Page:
Meaning: there’s what Snowden himself revealed by releasing secrets and talking to the press. But beyond this, there is what he set in motion by taking that action. Congress and other governments begin talking in public about things they had previously kept hidden. Companies have to explain some of their dealings with the state. Journalists who were not a party to the transaction with Snowden start digging and adding background. Debates spring to life that had been necessary but missing before the leaks. The result is that we know much more about the surveillance state than we did before. Some of the opacity around it lifts. This is the Snowden effect.
It is good for public knowledge. And public knowledge is supposed to be what a free press and open debate are all about.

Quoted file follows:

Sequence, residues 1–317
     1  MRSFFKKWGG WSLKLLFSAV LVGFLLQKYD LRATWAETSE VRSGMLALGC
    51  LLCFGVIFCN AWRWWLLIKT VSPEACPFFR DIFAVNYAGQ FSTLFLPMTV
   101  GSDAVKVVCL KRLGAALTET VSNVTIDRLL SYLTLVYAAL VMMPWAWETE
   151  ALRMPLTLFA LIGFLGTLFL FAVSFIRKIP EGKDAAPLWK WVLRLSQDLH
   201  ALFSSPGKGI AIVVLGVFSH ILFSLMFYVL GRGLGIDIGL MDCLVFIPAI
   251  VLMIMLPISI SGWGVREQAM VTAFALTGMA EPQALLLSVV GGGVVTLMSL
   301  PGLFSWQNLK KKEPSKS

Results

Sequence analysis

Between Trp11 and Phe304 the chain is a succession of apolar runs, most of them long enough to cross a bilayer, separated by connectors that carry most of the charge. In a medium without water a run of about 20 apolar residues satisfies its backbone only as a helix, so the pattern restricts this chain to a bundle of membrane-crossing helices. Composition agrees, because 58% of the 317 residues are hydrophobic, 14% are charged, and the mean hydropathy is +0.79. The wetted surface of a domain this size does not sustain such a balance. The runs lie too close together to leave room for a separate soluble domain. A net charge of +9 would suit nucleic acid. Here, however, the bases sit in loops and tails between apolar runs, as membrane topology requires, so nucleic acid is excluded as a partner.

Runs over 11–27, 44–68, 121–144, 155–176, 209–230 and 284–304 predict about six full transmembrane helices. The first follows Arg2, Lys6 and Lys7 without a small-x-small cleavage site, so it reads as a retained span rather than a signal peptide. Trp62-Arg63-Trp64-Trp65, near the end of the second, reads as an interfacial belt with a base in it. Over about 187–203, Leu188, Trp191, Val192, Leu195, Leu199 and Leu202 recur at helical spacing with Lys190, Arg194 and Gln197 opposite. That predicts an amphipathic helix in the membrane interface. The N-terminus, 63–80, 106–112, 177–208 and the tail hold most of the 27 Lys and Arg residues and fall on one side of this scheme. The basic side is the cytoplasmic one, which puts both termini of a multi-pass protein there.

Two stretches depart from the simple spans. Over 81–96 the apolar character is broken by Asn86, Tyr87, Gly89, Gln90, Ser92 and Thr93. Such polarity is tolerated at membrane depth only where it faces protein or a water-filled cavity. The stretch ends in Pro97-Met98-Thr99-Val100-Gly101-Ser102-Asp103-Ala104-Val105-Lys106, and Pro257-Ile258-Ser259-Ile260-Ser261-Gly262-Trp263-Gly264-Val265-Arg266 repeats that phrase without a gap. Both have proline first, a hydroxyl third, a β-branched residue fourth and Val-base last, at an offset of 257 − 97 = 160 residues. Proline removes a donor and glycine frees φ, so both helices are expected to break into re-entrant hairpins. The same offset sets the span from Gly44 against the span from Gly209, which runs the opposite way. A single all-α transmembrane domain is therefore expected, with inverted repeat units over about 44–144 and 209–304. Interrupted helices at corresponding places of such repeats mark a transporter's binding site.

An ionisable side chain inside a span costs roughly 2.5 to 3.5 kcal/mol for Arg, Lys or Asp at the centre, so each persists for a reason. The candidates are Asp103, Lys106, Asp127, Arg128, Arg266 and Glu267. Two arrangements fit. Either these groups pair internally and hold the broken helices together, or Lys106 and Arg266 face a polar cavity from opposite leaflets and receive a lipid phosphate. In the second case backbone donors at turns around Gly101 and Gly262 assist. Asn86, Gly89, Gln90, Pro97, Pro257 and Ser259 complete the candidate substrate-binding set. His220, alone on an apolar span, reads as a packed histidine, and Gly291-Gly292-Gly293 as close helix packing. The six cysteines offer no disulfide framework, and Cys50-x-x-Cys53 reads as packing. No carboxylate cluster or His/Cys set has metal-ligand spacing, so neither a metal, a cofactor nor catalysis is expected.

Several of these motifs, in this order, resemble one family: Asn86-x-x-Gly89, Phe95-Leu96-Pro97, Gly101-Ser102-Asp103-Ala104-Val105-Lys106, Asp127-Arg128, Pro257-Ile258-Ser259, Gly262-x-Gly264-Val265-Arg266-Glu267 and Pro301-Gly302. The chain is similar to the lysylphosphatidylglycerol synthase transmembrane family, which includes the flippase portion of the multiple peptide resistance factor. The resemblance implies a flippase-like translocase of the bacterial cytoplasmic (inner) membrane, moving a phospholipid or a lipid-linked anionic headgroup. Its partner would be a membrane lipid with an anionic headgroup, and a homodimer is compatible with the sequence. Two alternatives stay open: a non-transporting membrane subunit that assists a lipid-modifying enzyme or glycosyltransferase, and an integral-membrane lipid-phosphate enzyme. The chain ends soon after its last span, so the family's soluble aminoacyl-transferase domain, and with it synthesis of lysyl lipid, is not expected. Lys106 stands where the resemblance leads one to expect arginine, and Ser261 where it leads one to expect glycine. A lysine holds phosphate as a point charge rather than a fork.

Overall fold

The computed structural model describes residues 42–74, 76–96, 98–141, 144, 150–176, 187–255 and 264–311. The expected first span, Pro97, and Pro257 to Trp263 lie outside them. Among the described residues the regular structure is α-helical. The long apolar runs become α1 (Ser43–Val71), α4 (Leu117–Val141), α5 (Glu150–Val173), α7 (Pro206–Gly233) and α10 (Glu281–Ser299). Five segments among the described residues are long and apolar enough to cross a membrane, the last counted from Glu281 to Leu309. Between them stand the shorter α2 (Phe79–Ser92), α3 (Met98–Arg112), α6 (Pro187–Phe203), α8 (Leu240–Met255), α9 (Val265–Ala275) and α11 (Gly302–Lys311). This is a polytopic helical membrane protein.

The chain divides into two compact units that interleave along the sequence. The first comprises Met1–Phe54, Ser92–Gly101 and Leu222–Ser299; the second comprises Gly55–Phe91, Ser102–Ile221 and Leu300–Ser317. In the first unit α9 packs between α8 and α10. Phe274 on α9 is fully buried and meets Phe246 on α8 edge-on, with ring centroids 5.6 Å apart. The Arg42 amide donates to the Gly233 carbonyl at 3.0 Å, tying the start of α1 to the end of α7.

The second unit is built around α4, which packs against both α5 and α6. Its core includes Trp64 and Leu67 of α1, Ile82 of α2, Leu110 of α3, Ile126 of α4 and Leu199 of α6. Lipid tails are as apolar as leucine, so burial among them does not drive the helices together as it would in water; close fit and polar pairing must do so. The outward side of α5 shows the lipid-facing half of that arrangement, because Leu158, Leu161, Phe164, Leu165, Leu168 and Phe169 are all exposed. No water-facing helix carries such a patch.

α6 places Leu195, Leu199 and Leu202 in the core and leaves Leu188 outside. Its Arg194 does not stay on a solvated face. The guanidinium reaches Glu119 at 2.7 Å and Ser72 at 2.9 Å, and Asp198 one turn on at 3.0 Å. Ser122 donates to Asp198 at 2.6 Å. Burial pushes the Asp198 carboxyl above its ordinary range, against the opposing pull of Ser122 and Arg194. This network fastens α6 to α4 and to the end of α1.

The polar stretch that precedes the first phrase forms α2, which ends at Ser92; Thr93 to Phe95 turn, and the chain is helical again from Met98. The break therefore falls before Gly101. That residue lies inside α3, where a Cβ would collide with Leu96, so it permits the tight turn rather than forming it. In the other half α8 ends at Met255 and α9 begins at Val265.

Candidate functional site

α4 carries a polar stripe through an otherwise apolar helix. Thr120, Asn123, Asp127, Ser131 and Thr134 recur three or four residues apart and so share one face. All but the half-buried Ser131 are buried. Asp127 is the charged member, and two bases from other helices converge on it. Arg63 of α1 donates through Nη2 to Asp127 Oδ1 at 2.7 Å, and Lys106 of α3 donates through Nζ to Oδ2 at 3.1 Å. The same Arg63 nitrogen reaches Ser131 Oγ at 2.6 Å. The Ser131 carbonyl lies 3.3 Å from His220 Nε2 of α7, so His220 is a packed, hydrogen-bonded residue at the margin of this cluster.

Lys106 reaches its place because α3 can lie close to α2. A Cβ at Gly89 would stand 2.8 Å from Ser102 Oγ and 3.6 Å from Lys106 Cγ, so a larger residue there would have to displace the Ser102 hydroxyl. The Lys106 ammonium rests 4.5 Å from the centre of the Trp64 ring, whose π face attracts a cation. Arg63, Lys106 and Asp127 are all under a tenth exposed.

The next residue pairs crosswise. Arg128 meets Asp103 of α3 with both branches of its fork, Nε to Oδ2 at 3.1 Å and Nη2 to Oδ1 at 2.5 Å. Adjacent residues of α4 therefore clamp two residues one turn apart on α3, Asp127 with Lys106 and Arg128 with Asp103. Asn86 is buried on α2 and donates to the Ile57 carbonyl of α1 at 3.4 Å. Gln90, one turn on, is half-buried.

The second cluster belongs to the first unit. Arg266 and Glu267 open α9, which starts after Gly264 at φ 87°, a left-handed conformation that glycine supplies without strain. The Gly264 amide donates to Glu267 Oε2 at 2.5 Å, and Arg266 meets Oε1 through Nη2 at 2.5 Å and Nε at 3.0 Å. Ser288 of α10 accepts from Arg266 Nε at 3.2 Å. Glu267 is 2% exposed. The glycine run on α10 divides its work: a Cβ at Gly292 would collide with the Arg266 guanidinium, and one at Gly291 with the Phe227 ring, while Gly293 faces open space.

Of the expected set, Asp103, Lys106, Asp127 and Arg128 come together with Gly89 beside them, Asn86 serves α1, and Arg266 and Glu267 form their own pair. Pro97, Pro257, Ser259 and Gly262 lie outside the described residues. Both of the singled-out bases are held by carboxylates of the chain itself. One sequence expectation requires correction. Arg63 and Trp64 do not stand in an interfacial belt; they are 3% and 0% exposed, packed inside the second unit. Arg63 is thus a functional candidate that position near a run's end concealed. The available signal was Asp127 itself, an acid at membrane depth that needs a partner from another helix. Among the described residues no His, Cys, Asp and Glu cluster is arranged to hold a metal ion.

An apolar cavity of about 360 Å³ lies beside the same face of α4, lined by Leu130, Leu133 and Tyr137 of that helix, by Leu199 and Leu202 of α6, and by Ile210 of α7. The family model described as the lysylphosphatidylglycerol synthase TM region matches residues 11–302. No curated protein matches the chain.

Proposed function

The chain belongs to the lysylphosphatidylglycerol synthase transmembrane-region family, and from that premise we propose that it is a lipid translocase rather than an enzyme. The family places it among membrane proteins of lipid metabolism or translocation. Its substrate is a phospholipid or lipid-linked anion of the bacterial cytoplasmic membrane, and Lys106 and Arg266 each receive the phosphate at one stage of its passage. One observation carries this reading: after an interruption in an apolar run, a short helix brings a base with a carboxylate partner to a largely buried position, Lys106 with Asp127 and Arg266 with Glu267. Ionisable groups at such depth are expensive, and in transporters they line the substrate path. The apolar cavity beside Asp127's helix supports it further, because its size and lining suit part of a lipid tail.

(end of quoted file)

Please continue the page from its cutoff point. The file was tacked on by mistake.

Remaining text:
Jay has a number of links and examples. Here’s a more recent one:
A former federal judge who granted government surveillance requests has broken ranks to criticise the system of secret courts as unfit for purpose in the wake of recent revelations by NSA whistleblower Edward Snowden. […]
But he says he was shocked to hear of recent changes to allow more sweeping authorisations of programmes such as the gathering of US phone records, and called for a reform of the system to allow counter-arguments to be heard.
Rosen’s whole piece is worth a read, by the way, because it has a smart discussion of why the Snowden saga is an important part of the story but by no means the whole story.